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Ji Hoon Jo 2 Articles
Alcohol-related liver disease and liver transplantation
Musheer Shafqat, Ji Hoon Jo, Hyung Hwan Moon, Young Il Choi, Dong Hoon Shin
Kosin Med J. 2022;37(2):107-118.   Published online June 27, 2022
DOI: https://doi.org/10.7180/kmj.22.108
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Abstract PDFPubReader   ePub   CrossRef-TDMCrossref - TDM
Alcohol-related liver disease (ALD) has become the major cause of liver transplantation (LT) in Korea, and is currently the most common cause of LT in Europe and the United States. Although, ALD is one of the most common indications for LT, it is traditionally not considered as an option for patients with ALD due to organ shortages and concerns about relapse. To select patients with terminal liver disease due to ALD for transplants, most LT centers in the United States and European countries require a 6-month sober period before transplantation. However, Korea has a different social and cultural background than Western countries, and most organ transplants are made from living donors, who account for approximately twice as many procedures as deceased donors. Most LT centers in Korea do not require a specific period of sobriety before transplantation in patients with ALD. As per the literature, 8%–20% of patients resume alcohol consumption 1 year after LT, and this proportion increases to 30%–40% at 5 years post-LT, among which 10%–15% of patients resume heavy drinking. According to previous studies, the risk factors for alcohol relapse after LT are as follows: young age, poor familial and social support, family history of alcohol use disorder, previous history of alcohol-related treatment, shorter abstinence before LT, smoking, psychiatric disorders, irregular follow-up, and unemployment. Recognition of the risk factors, early detection of alcohol consumption after LT, and regular follow-up by a multidisciplinary team are important for improving the short- and long-term outcomes of LT patients with ALD.
Validation of the association of the cystic duct fibrosis score with surgical difficulty in laparoscopic cholecystectomy
Hyung Hwan Moon, Ji Hoon Jo, Young Il Choi, Dong Hoon Shin
Kosin Med J. 2022;37(1):61-67.   Published online March 25, 2022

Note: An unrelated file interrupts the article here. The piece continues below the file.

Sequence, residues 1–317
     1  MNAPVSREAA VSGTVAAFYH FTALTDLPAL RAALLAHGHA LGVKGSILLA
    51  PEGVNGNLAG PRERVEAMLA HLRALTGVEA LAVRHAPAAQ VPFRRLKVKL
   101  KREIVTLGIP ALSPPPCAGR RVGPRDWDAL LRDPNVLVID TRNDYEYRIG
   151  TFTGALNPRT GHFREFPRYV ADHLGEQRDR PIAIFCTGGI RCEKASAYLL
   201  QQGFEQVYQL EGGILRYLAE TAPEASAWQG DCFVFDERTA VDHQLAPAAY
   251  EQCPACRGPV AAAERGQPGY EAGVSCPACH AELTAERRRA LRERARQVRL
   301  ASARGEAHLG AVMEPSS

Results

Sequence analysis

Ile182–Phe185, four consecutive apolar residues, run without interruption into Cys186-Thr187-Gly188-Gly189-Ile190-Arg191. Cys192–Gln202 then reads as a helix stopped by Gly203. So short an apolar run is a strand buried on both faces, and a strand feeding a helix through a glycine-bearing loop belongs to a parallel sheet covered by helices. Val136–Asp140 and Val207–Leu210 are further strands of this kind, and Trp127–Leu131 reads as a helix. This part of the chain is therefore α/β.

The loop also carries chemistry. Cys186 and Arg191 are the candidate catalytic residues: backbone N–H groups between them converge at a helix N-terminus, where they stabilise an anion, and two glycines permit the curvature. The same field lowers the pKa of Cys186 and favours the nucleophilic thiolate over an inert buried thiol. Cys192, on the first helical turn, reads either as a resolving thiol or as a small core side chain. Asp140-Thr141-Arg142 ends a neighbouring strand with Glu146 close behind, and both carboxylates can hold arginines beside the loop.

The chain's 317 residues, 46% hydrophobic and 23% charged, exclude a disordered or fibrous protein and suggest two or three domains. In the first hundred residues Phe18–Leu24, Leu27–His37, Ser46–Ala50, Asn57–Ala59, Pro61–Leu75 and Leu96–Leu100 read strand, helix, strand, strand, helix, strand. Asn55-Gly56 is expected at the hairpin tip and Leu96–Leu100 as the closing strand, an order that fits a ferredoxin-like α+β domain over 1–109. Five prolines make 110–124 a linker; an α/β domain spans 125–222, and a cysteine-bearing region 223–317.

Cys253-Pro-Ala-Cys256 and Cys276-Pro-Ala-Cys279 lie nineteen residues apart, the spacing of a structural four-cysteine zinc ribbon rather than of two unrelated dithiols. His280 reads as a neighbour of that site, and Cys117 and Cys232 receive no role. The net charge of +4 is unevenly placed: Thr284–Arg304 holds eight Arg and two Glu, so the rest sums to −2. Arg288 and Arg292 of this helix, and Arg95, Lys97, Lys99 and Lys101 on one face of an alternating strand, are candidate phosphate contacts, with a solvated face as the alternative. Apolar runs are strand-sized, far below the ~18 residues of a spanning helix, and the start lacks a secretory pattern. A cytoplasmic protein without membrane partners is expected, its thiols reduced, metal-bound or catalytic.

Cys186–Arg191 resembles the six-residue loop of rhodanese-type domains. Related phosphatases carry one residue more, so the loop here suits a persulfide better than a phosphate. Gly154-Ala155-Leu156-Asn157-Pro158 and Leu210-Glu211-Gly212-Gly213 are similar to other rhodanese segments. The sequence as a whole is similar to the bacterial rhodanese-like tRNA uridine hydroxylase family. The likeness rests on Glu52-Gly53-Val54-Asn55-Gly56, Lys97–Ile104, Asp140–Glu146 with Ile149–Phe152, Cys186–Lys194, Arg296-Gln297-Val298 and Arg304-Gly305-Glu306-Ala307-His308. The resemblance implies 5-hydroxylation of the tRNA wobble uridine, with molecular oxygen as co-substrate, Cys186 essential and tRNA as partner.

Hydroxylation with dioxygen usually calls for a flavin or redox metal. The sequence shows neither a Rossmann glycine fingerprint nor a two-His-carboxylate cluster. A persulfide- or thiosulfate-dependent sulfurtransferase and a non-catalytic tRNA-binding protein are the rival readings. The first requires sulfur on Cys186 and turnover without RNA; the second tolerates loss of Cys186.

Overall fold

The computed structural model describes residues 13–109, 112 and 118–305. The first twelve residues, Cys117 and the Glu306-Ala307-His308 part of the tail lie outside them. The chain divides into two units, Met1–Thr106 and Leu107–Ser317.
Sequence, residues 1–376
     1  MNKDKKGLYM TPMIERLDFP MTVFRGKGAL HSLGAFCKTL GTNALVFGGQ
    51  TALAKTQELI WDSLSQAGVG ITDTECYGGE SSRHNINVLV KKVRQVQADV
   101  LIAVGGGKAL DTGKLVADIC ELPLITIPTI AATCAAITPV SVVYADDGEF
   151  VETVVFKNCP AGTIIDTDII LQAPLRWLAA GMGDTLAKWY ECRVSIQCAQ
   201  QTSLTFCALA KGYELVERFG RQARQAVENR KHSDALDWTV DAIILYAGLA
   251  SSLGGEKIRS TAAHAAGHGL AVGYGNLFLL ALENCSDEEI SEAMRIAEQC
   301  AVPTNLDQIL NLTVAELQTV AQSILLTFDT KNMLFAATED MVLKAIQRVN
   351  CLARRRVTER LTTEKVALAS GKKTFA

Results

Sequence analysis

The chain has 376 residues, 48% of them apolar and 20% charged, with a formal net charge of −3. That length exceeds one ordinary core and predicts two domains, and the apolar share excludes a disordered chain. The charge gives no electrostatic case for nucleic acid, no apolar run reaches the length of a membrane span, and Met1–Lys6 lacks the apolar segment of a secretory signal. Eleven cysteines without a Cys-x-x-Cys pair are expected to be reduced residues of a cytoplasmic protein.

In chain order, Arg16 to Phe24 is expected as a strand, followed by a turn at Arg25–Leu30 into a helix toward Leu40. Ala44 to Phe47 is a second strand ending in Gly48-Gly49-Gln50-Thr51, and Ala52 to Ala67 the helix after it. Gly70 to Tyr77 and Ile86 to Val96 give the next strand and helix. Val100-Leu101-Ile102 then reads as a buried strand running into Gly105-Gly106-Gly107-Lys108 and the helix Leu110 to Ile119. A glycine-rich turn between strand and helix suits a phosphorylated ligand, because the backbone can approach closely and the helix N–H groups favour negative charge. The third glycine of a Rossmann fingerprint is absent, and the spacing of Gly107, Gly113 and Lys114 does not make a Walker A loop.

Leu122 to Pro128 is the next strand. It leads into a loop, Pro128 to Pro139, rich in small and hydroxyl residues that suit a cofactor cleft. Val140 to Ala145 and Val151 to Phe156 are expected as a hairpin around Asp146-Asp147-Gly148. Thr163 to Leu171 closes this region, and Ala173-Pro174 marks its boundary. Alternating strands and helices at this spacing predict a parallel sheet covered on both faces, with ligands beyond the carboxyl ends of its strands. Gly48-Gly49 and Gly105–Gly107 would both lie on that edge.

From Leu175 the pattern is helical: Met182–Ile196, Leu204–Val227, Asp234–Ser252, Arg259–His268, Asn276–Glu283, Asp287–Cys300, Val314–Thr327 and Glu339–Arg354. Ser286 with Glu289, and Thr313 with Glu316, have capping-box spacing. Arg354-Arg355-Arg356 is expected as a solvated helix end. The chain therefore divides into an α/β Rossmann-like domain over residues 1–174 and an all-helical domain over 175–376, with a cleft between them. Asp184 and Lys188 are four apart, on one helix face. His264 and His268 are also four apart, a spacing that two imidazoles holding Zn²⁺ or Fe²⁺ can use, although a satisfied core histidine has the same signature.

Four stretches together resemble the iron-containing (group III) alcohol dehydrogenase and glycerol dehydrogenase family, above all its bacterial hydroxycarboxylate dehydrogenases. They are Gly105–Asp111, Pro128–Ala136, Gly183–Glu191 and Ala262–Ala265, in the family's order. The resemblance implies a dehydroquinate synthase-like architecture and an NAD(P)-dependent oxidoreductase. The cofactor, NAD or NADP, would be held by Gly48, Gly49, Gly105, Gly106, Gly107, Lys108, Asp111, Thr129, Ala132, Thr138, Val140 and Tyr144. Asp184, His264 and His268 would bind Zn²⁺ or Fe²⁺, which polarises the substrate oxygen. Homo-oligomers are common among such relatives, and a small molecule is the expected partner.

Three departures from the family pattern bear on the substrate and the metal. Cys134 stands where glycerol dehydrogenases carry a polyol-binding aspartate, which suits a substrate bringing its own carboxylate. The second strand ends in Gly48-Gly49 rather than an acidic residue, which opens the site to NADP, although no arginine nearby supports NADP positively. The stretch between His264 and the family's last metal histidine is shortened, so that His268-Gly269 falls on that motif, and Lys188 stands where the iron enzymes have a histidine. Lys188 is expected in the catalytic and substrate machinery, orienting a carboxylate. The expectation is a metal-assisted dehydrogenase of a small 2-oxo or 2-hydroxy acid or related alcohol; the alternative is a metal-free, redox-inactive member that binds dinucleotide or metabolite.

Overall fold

DOI: https://doi.org/10.7180/kmj.21.049
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Abstract PDFPubReader   ePub   CrossRef-TDMCrossref - TDM
Background
The level of surgical difficulty in laparoscopic cholecystectomy might be predictable based on preoperative imaging and intraoperative findings indicative of cholecystitis severity. Several scales for laparoscopic cholecystectomy have been developed, but most are complex, unverified, and not widely adopted. This study evaluated the association of the cystic duct fibrosis score (range, 0–3) with surgical difficulty in laparoscopic cholecystectomy.
Methods
Between July 2018 and November 2018, 163 laparoscopic cholecystectomy cases were retrospectively reviewed at a single center. Patients’ demographics, preoperative laboratory data, operation time, complications, hospital stay, and cholecystitis severity grade were investigated. We also evaluated the associations of the Tokyo Guidelines 2018 and the Parkland grading scale with the cystic fibrosis score.
Results
The cystic duct fibrosis score was associated with preoperative white blood cells (p<0.001), preoperative platelet count (p=0.046), preoperative total bilirubin (p<0.004), preoperative C-reactive protein (p<0.001), operation time (p<0.001), cystic duct ligation time (p=0.002), estimated blood loss (p<0.001), postoperative complication (p=0.004), open conversion (p<0.001), and common bile duct injury (p=0.010). The cystic duct fibrosis score was also correlated with the Tokyo Guidelines 2018 and the Parkland grading scale (p<0.001). The cystic duct ligation time predicted the cystic duct fibrosis score and the Parkland grading scale, but not the Tokyo Guidelines 2018.
Conclusion
As a simple indicator of cholecystitis severity, the cystic duct fibrosis score can predict the surgical difficulty and outcomes of laparoscopic cholecystectomy.

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